After a great deal of planning, the traveling exhibition for Manifold Greatness is currently on view at the Sumter County Library in Sumter, SC. On Friday, July 13th, the Library presented an opening reception with remarks by Dr. Harry Singleton of Benedict College and Dr. Larry Watson of South Carolina State University. The two scholars led a discussion focusing on the religious and political aspects involved in the creation and afterlife of the King James Bible. Dozens attended the event, including State Representative David Weeks and Sumter Mayor Joe McElveen. The Friends of the Sumter County Library graciously provided the funds for a wonderful spread of refreshments.
Dr. Larry Watson returned on Monday, July 16th to discuss Dr. Martin Luther King’s use of the King James Bible in his speeches and sermons, including the “I Have a Dream Speech” and his allusion to Amos 5:24 and Isaiah 40:4-5. (More on Dr. Martin Luther King and other examples of the King James Bible’ influence on contemporary culture can be seen on the Manifold Greatness website’s “Modern Life” timeline). During and after the discussion, Dr. Watson fielded numerous questions from an attentive audience. In addition to these events the Sumter County Library created a display of Family Bibles. These Bibles, which include a Greek New Testament Pocket Bible from 1822, were loaned courtesy of the Sumter County Museum.
In addition to the both the Manifold Greatness exhibit and Family Bible display, the Sumter County Library will put on a variety of events until the Closing Reception on Thursday, August 9th. These events include lectures by Dr. Valinda Littlefield and Dr. Harry Singleton, a King James Bible Quiz Bowl, King James Choir concert and an “Expressions” Art Show.
We look forward to these upcoming events and will send an update soon. In the meantime, please see our Photobucket account for pictures and YouTube channel for videos from this project:
Ford Simmons is the Reference and Information Services Coordinator/Webmaster at Sumter County Library.
Two years ago, I was in the midst of developing content for the Manifold Greatness website. During that summer, I also embarked on a cross-country road trip that had been on my bucket list for years. I drove from Washington, DC, south to Texas, then north to Montana, and then all the way back.
In the weeks leading up to my departure I spent hours thinking about what I would need and what should make the final cut for my packing list. I was traveling relatively light, my goal more in line with being a modern-day pioneer than with bringing along every comfort of home. I had camping gear, an ultra-light stove, a laptop and camera to record my experiences, and a few choice books. One of them was a copy of the King James Bible.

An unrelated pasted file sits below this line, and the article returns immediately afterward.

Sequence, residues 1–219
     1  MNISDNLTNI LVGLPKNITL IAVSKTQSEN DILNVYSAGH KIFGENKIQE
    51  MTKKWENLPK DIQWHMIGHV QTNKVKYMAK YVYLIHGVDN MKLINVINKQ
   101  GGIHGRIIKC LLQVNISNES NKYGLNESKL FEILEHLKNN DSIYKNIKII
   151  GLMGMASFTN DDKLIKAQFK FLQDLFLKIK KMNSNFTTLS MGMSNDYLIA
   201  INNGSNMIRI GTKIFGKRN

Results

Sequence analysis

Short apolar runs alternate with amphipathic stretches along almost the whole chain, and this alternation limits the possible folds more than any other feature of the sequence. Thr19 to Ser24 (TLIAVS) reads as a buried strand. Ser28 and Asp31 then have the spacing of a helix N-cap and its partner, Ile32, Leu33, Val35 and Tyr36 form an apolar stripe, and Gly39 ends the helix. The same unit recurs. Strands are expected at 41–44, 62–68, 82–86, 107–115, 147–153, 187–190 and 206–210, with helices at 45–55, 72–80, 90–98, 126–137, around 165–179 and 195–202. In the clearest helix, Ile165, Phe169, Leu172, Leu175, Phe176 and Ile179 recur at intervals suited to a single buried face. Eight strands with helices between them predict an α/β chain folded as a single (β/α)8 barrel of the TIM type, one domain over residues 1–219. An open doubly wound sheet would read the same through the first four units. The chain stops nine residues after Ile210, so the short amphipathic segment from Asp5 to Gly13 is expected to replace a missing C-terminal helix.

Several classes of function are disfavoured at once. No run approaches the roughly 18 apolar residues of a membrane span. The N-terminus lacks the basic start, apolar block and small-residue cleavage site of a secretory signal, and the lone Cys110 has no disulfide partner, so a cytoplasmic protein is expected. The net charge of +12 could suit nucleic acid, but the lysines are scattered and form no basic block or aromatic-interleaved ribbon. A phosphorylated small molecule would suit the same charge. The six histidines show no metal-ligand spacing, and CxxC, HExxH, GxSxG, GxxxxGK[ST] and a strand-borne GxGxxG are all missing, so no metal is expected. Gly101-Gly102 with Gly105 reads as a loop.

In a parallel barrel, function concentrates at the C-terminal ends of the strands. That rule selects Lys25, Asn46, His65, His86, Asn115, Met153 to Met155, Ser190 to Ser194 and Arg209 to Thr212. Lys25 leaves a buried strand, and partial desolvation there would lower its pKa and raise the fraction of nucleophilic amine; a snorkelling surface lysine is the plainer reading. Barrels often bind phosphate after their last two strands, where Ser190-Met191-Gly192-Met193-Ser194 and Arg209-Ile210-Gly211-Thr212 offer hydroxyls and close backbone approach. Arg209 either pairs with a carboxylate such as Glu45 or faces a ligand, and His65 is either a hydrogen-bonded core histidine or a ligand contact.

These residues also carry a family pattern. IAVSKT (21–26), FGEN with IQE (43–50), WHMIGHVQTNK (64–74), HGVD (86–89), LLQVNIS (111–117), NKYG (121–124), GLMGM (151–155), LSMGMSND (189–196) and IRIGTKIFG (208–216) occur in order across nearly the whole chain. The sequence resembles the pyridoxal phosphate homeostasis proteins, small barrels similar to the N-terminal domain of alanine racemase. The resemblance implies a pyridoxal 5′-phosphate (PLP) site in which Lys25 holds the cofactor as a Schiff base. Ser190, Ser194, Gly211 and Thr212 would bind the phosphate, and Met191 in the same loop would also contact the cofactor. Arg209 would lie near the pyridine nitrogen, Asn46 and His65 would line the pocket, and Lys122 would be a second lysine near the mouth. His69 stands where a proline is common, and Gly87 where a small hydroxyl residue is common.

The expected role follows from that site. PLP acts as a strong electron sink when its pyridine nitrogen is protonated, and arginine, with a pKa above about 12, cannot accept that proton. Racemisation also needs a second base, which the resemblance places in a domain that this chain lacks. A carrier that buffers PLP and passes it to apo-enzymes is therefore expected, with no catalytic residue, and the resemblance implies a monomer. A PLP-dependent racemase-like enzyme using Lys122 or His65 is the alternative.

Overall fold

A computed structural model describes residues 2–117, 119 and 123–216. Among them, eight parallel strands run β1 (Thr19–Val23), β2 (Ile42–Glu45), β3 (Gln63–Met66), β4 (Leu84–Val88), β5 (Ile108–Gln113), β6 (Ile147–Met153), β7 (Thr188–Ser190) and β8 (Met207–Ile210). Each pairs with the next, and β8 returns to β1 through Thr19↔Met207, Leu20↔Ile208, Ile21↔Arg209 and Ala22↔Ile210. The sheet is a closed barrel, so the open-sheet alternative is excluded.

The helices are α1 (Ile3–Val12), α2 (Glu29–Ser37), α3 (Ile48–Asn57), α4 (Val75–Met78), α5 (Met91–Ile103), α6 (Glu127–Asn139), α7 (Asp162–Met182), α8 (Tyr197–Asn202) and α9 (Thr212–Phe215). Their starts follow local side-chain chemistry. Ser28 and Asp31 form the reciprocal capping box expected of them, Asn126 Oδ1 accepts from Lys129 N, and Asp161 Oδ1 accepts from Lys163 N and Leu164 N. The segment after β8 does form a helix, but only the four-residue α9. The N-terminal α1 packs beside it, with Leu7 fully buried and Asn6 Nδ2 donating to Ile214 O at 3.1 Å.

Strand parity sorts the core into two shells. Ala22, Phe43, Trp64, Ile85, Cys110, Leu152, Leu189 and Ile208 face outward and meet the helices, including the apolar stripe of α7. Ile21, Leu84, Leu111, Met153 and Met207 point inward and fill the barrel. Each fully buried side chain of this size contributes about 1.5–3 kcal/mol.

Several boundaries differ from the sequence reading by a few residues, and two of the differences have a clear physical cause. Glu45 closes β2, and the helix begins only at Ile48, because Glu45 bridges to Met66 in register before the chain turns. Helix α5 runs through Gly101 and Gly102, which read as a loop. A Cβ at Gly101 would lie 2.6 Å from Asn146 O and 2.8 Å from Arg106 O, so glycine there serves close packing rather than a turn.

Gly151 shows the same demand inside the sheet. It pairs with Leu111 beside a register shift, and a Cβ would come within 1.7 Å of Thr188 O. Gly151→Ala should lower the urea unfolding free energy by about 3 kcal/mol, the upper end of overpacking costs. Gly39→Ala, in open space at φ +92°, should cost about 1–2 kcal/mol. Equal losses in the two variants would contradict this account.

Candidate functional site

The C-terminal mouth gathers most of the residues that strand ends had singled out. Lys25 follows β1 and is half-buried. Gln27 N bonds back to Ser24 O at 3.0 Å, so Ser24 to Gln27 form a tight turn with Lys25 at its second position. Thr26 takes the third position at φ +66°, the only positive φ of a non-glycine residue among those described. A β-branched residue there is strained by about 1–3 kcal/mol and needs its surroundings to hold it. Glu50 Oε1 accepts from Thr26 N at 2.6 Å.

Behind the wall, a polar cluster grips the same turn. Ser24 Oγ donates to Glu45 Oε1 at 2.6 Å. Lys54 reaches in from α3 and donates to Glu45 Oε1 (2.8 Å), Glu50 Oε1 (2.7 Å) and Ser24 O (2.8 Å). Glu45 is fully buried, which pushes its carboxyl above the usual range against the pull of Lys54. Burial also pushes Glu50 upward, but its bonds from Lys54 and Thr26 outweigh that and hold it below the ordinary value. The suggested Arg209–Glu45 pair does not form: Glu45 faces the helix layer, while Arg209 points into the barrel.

As an earlier post noted, many settlers carried family Bibles with them as they traveled westward. For my own personal journey, I wanted a book that reflected that period and the leaps of faith that traveling to a new destination required.
Admittedly, I did not own a copy of the King James Bible before my trip. And I wasn’t looking for just any copy – I wanted one that had existed in the 1870s and 1880s, the heyday of the Western frontier. In order to find one, I visited antique book stores and browsed online.
I finally located the Bible that would travel nearly 6,000 miles with me at an antiquarian bookseller based in New York City. (Thank you, AbeBooks.) It had been printed in Glasgow, Scotland in 1858. Inside, a woman has signed her name. Part of the signature is difficult to read, but it looks like “Mrs. Anne Pattison.”
With its tooled black leather binding and a perfect size for transporting, I was instantly convinced that I had found the right Bible. The little book piqued my curiosity as well. Who was Anne Pattison, and how had her book come to the United States? Had she herself moved to America? Was it passed along through a family member? Or was it merely another old book traveling between sellers’ inventories?
Regardless of how it got here, having it with me seemed fitting. One evening at a campground in Oklahoma, as the families around me were settling in for the night, I took it out and read a passage. 140 years ago, had someone done the same? Holding that artifact in my hands, I felt uncannily connected to the past, and to my pioneer doppelganger, if she had existed.
If you’d like to know more about my 2010 roadtrip, please visit my trip blog, the Outside Fringe, here.
Amy Arden assisted in the development and production of the Manifold Greatness website. She is a communications associate at the Folger Shakespeare Library.